The prices of health care services have long been opaque to the average person. Individuals often don’t know whether they are being overcharged or not.
But recent efforts by health insurers, state legislatures and private firms have begun to reveal more information about the cost of care for consumers.
Still, the picture is not always crystal clear.
As comparative information on health care prices has become more available in recent years, Atlanta and Georgia typically rank below the national averages. But a new comparison of hospital outpatient costs shows the opposite about metro Atlanta — with its hospitals ranking above the national average, and indeed among the most costly in the nation.
Health care data firm Amino ranks U.S. metro areas from least expensive hospitals to most expensive.
Buffalo, N.Y., was No. 1 with the least expensive outpatient hospital services, and Milwaukee 53rd as the most expensive metro area.
Metro Atlanta hospitals came in 43rd among 53 areas studied.
“From a data science perspective, we’re just starting to pull the curtain back on health care costs,’’ said Sameera Poduri of San Francisco-based Amino in a blog post. “With the right data and the right team, we can use claims data to figure out what’s been an industry secret for years — and my hope is that this newfound transparency will shift our behavior as health care consumers.”
The study did not break down individual pricing differences among metro Atlanta hospitals.
Consumers, especially those in high-deductible plans, have a big stake in pricing variations. They’re often paying hundreds and even thousands of dollars for a service before their insurance kicks in.
Such variability was demonstrated in a Castlight Health report last year that said prices for a regular baby delivery in the Atlanta area ranged from $5,831 to $10,700, with an average price of $8,497. And Castlight reported in 2015 that the costs of mammograms in Atlanta can vary enormously, with prices in Atlanta ranging from $89 to $488.
Ethan James, of the Georgia Hospital Association, asked to respond to the new Amino rankings of hospital costs, told GHN that “I am not certain as to the methodology’’ that Amino used.
Chris Kane, a consultant with Progressive Healthcare, said the Amino rankings’ methodology refers to claims data but there are also references to costs and charges, adding that additional precision in these terms “is essential for credibility.”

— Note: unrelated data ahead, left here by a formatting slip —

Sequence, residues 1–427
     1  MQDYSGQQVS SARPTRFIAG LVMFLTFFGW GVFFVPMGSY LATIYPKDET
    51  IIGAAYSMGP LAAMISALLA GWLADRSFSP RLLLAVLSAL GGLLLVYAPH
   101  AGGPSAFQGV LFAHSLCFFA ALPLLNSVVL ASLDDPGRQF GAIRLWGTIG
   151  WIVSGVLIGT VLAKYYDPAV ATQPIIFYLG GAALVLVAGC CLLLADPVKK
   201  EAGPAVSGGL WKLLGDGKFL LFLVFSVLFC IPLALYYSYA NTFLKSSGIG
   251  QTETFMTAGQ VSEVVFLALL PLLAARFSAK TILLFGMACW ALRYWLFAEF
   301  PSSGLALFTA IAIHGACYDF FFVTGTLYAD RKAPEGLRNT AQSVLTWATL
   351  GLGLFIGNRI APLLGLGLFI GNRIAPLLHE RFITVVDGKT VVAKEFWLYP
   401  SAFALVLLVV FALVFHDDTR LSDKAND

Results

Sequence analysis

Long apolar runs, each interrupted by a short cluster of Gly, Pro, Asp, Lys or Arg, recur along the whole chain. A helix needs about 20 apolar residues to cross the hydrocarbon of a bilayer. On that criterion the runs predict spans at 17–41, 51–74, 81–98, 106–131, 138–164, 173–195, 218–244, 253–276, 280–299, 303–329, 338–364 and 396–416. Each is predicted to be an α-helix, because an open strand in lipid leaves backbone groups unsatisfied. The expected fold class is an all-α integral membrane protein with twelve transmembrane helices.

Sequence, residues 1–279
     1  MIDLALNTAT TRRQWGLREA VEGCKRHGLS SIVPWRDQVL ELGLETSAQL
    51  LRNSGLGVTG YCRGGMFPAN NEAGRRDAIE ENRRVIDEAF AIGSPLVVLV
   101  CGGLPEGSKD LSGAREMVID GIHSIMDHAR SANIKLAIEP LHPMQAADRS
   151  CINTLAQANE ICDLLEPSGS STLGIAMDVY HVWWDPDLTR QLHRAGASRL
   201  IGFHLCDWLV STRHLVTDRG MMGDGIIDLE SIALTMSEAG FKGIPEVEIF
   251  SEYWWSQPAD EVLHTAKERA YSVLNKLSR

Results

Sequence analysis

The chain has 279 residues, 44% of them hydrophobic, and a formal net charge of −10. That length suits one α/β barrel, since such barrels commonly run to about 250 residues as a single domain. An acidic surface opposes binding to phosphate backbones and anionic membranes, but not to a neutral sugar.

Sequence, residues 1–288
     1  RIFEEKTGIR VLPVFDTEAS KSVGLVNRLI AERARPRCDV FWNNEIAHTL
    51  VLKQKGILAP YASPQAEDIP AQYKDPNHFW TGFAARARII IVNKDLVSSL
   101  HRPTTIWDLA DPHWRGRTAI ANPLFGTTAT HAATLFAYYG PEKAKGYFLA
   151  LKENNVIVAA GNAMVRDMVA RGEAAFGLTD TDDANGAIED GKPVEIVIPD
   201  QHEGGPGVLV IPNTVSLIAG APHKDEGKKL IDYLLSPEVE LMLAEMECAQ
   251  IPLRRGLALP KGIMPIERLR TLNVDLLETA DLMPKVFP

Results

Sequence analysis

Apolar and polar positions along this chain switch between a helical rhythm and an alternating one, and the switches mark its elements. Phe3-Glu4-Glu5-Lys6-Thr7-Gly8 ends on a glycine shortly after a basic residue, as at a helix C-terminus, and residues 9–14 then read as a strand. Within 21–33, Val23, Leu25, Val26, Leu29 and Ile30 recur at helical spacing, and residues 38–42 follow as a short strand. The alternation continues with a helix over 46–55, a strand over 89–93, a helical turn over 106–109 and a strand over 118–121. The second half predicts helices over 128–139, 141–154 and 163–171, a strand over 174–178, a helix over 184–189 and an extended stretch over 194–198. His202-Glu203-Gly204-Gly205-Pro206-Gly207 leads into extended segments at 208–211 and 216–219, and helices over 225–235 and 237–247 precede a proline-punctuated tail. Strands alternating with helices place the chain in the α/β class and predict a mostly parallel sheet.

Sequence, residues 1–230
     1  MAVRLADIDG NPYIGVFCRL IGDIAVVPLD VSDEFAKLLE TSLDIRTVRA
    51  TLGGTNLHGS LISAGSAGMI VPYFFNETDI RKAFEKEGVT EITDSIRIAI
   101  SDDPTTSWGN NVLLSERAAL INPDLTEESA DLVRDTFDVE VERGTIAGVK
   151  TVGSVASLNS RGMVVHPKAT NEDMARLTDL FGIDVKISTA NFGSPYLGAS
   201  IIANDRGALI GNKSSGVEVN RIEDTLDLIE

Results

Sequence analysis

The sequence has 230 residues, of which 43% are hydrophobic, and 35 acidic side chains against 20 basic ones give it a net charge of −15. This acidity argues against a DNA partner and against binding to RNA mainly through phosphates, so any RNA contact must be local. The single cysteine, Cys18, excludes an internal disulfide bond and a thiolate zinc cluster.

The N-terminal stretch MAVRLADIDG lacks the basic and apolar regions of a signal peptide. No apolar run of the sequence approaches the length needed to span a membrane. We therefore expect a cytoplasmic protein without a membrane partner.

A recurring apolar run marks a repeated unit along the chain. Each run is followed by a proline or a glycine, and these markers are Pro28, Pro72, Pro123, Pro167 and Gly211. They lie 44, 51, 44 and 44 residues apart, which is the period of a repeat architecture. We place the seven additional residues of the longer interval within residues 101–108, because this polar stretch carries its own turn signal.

Kane, though, said the Amino report “appeals to the consumer in all of us. We want a complex service synthesized into a headline, or even better, a dollar sign icon.’’
“Transparency about pricing and costs is largely absent in the hospital industry,’’ Kane said. “Amino and other researcher entities that attempt to remedy this shortcoming should be encouraged.”
Mike Cadger of Monocle Health Data, which ranks medical providers based on price and quality, said that the Amino study “compares only hospitals’ outpatient procedures and not inpatient procedures, so to say one hospital or market is overall more expensive is misleading.’’
But he said the Amino data “demonstrates that the same outpatient procedures performed in non-hospital settings are often less costly, and this is what hospitals must compete against.”
More relevant to consumers would be a tool to comparison-shop for procedures in a particular market, Cadger said.
“An example would be that an ACL surgery in Dallas ranges from $17,000 to $61,000, with a median price of about $31,000,’’ he said. “The same surgery in Atlanta has about the same price range and median overall.“
The most important issue, Cadger said, is determining what percentage of patients receive lower-cost surgeries “in order to conclude that competition and market knowledge of pricing is yielding better choices.”
This story was originally published at GeorgiaHealthNews.com.